On a small business forum I’m on, entrepreneurs have been having a frustration/giggle-sharing thread about the proposals they’ve gotten from potential clients. Some of these proposals are absolutely riotous – even more so because at one point in our careers, many of us actually accepted these proposals – product trades, ridiculous retainers, free babysitting, jars of marijuana (disclaimer: I live in a place where this is okay)… these are some of the more gentle ones, honestly, and on surface-level, they sound more like sweet community barter than business exchange. But what’s really being said here, in many cases is, “I need what you do but I don’t want to pay you for it,” and it comes as an insult – especially when you literally witness a client spending lots and lots and lots of money elsewhere. Eventually this process smooths itself out and clients come to you with a-game in place; but it can be a bumpy little road getting there.
A few weeks ago I posted a set of free resources for your blog, and this week I’ve compiled a few more.
Most of today’s free resources have to do with generating ideas, because (yep), I was having a really hard time coming up with some new ones. And as I mentioned in my last post, one of the biggest reasons I seem to have a difficult time drumming up ideas is because I’m terrified of just repeating what’s already been said three thousand times.
Moments ago, I was so struck by this quote from Carl Sagan I felt compelled to write. It sent me down an amazing path of self-inquiry.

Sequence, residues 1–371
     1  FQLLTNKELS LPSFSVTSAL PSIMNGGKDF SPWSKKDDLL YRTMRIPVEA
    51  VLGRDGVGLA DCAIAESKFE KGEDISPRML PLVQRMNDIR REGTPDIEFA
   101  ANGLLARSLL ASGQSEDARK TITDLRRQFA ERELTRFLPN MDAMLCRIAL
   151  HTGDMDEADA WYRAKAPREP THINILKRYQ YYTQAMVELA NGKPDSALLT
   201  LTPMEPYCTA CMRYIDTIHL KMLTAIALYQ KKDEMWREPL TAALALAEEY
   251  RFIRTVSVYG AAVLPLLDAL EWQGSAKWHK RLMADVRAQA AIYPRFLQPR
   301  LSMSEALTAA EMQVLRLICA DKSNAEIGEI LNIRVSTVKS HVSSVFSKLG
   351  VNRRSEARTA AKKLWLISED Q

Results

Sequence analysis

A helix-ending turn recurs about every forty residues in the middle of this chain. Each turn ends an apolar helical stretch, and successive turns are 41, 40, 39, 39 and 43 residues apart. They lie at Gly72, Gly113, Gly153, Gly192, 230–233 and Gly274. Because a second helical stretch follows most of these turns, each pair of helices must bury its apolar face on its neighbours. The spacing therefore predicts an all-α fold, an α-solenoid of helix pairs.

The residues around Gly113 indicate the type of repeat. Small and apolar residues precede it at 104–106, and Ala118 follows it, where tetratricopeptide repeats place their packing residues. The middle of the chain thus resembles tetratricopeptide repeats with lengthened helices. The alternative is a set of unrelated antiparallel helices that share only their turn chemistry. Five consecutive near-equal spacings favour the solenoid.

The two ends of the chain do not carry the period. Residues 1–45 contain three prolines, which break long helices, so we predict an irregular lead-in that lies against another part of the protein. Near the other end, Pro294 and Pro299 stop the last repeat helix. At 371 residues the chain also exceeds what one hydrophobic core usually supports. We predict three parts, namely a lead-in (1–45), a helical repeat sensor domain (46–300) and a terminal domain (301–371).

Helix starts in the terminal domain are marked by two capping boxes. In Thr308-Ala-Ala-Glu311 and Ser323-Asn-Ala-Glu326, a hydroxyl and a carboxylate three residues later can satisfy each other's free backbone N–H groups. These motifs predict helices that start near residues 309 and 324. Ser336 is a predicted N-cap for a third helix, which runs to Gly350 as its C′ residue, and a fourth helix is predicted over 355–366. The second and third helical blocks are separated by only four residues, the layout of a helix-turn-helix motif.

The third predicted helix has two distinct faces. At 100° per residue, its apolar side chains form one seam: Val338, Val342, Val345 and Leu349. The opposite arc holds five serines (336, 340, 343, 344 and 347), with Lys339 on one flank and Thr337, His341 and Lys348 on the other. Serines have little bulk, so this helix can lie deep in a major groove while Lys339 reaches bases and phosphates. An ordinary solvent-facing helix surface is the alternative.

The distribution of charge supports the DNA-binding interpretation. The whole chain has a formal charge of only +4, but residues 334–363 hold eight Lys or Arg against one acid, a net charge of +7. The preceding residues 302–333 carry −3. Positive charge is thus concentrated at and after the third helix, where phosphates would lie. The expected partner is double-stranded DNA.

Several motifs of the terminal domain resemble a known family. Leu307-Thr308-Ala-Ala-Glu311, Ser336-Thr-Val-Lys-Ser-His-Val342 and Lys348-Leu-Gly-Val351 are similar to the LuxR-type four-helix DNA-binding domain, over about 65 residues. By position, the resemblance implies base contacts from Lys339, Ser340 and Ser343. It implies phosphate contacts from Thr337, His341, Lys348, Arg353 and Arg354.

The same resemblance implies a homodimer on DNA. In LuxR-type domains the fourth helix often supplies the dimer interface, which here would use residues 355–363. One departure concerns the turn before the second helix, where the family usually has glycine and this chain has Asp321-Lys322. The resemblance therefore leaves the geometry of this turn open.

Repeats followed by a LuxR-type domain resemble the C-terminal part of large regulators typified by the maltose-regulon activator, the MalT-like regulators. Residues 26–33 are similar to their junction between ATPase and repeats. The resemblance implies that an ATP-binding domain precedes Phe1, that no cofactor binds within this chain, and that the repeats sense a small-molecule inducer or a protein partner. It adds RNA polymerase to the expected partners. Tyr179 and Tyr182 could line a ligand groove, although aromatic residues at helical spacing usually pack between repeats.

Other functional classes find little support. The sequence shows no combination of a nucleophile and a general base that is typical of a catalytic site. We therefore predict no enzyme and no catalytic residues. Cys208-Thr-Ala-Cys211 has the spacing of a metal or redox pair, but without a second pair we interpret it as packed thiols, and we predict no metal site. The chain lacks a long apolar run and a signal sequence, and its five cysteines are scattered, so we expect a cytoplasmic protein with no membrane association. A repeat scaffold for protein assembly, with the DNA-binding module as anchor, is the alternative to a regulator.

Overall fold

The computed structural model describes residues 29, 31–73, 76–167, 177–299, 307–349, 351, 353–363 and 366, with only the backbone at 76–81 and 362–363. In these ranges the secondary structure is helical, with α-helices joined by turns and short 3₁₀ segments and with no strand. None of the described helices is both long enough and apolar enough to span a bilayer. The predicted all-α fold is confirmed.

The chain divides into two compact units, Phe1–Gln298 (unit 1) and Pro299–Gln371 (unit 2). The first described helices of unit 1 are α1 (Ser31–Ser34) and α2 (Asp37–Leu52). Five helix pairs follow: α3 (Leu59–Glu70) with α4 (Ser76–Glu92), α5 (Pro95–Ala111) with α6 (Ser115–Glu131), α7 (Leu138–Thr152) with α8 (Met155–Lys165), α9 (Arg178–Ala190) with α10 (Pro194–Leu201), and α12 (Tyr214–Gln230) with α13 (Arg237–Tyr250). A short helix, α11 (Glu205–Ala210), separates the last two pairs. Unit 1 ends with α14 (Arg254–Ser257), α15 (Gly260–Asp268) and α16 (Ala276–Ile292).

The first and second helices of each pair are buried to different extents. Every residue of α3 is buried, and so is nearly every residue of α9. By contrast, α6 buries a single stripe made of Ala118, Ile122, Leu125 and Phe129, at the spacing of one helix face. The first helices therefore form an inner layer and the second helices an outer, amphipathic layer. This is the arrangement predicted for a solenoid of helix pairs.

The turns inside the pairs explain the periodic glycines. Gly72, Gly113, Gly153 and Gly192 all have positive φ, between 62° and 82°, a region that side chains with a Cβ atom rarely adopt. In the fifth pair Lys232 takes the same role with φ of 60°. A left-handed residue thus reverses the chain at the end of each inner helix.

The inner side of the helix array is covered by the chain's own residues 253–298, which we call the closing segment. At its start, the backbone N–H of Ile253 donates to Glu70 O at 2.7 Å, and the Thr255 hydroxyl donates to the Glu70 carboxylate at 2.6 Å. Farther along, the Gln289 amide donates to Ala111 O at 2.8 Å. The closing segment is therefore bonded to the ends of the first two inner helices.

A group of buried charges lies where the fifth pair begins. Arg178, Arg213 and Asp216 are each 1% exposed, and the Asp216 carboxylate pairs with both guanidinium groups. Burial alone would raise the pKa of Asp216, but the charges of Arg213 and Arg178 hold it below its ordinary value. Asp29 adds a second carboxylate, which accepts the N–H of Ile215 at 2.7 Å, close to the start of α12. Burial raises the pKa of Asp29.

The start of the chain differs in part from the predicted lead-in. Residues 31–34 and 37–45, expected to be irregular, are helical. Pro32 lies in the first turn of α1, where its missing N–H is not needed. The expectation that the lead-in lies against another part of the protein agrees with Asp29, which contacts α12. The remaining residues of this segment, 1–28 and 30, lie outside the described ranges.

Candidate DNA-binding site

At this point, I no longer feel the need to spend a month’s worth of rent (I live in a small town in a small place) on my handheld device, especially when obsolete in a few years… And let’s be honest – while I’m good at what I do and well-paid, I’d rather spend $800 going to the coast for a few days, where chances are I might drop my phone in the ocean.
Social media can have a profound effect on your non-profit’s reach if it’s done right, and there are a million and one resources online to help you do this cheaply and effectively. In this post I’ve filtered out a few of my most recent and easy-reading favorites, and also featured some examples of non-profits who’ve made major leaps with social media.
Have you encountered this one yet? You look at your Twitter or Instagram and ZOMG LOOK WHO FOLLOWED ME! You get all excited because Miss Influencer with 100k followers, and who only follows 310 people, has followed YOU. Two days later, you notice you’ve lost a “follower”. If you’ve got a small chunk of followers, you might be able to determine exactly who left your little world, and maybe you suffer a little letdown because yeah… Miss Influencer has flown your coop.